“Baby Boy”—Singleton wrote “Baby Boy” for Tupac Shakur. He believed that “Baby Boy” would be the film that would garner Shakur an Academy Award. Unfortunately, fate stepped in and took Shakur away days after Singleton told him about the role. “Baby Boy” did not come until about five years after the death of Shakur. While Shakur never got to work with Singleton a second time after “Poetic Justice,” the film made Gibson and Henson bona fide movie stars.
“Poetic Justice”—After the 1991 debut of “Boyz N The Hood,” critics and fans could not wait to see what Singleton had in store next. He flipped the script, but not totally, with “Poetic Justice.” He stayed in the same hood. But he told the story of how the hood affected the loved-ones of Black-on-Black crime victims. And the movie gave Shakur the chance to show his range and vulnerability. Furthermore, it allowed the squeaky clean Jackson to curse up a storm, which is something Papa Joe Jackson never let her do on records.
“Four Brothers”—Singleton nailed his foray into crime drams with “Four Brothers,” combining different races and musical artists from different genres to create a unique look at family bonds. “Four Brothers” featured R&B crooner Tyrese, hip-hop icon Andre 3000 and former pop rapper, Mark Wahlberg. The three musicians, and actor Garrett Hedlund, play adoptive brothers hell bent on avenging their mother’s murder.
“Higher Learning”—Back in the early 1990s, Ice Cube was arguably the most feared gangsta rapper in the game. But those that know the real Cube know he was probably more Chuck D than Boosie. Therefore, “Higher Learning” gave Cube the perfect role to show his political side on the big screen. “Higher Learning” might be more relevant today than it was in 1995 with all of the racism at predominantly White institutions of higher learning.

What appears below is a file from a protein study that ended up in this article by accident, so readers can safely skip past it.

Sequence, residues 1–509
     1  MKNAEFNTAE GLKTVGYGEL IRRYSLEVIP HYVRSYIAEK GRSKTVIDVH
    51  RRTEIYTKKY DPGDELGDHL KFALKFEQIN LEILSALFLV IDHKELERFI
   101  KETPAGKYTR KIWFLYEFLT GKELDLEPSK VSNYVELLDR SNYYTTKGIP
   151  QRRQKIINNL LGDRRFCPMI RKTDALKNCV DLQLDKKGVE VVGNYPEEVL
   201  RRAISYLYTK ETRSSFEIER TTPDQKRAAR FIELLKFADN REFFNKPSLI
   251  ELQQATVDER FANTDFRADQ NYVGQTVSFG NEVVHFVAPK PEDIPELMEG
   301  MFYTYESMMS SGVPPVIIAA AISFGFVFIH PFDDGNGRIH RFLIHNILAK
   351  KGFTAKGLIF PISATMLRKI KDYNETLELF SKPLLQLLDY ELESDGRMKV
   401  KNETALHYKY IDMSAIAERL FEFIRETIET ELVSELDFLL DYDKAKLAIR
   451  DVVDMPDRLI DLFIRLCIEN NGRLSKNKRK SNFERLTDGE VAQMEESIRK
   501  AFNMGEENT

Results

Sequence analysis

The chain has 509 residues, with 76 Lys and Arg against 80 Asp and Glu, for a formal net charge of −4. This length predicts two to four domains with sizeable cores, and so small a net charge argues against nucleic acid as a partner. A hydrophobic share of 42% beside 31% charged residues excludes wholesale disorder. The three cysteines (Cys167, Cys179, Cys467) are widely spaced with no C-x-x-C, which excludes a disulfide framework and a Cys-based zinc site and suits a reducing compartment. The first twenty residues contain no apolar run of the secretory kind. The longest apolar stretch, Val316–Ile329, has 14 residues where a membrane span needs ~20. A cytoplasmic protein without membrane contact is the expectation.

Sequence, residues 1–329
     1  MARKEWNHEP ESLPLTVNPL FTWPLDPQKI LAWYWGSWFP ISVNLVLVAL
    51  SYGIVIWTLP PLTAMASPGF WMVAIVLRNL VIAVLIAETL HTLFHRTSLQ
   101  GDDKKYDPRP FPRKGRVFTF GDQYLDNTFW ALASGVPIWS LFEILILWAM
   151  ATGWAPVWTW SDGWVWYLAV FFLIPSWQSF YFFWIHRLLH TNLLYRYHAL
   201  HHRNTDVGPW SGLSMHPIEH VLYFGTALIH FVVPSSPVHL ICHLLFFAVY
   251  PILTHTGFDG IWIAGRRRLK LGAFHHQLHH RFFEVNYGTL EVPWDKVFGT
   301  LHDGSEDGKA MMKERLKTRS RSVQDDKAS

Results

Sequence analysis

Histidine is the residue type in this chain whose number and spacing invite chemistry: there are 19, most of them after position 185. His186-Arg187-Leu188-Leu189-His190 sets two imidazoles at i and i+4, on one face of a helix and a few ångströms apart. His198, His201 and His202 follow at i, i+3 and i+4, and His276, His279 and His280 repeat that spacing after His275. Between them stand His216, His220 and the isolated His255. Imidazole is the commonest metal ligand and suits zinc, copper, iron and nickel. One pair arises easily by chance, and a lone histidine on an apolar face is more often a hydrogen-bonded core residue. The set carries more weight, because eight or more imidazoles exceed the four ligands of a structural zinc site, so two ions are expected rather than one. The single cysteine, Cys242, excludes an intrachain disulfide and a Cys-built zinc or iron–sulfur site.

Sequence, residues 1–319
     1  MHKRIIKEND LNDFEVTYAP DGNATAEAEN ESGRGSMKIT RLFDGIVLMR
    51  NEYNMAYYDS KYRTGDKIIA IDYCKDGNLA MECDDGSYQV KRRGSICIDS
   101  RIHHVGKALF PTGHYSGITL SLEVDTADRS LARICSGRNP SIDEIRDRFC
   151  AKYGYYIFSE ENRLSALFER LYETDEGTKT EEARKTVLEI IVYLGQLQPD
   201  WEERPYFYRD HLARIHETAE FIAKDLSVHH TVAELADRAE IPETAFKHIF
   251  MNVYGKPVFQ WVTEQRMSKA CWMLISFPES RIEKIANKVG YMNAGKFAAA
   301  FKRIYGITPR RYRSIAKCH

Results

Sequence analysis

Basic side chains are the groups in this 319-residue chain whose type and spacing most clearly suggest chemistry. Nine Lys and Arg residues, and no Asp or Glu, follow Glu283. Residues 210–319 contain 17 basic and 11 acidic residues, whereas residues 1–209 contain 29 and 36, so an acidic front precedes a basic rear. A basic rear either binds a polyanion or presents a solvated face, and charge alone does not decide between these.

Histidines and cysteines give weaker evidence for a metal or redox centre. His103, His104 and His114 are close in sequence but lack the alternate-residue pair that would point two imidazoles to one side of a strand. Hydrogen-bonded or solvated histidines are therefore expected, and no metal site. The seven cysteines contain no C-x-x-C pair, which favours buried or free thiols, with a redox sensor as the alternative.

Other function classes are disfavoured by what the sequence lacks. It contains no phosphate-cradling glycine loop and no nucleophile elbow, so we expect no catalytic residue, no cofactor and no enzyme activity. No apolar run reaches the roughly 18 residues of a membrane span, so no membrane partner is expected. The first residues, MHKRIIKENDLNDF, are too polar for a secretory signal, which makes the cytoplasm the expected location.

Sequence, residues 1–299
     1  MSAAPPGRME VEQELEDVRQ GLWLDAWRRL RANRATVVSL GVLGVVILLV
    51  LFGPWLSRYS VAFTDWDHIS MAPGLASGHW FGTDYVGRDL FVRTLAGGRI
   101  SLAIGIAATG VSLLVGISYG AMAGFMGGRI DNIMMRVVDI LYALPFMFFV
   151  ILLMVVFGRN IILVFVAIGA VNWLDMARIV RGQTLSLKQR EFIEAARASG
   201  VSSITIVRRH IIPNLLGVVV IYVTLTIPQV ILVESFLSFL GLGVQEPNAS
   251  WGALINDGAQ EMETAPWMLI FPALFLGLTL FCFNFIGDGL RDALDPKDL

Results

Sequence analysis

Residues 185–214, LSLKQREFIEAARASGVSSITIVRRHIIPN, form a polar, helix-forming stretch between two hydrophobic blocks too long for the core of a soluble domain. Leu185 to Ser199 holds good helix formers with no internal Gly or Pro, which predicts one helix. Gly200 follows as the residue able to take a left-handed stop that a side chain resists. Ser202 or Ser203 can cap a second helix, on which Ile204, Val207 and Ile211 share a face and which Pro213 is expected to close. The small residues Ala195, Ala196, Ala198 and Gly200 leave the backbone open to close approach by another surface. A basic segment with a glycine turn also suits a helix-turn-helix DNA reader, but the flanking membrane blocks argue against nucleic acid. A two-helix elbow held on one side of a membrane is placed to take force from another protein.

“2 Fast 2 Furious”—Getting the opportunity to direct the sequel to one of the biggest movie franchises of all time might be Singleton’s biggest honor other than the Oscar nominated, “Boyz N The Hood.” The film also gave Singleton the chance to reunite with Gibson and Cole Hauser (“Higher Learning”) on the big screen. Furthermore, “2 Fast 2 Furious” made rapper Ludacris a box office star.
“Rosewood”—If “Boyz N The Hood” was Singleton’s best and most important film, “Rosewood” was his second best and second most important ever. “Rosewood” was important because it made a direct statement to those who say that the African-American community needs to do for self and pull themselves up from their bootstraps. Rosewood, Fla. was an all African-American town that was prosperous and independent. However, the lies of one White woman destroyed all that they had accomplished.
“Boyz N The Hood”—What can be said about Singleton’s 1991 movie debut that has not already been said? You know a movie is profound when it is still difficult to watch the ending of the film. Ricky (Morris Chestnut) represented what could have been, which is so relevant in the African-American community and so painful. What would Nipsey Hussle have accomplished? What would Shakur have accomplished? What would Fred Hampton have accomplished? What would Malcolm X have accomplished? Singleton accomplished the feat of presenting the real story of inner city life in the 1990s.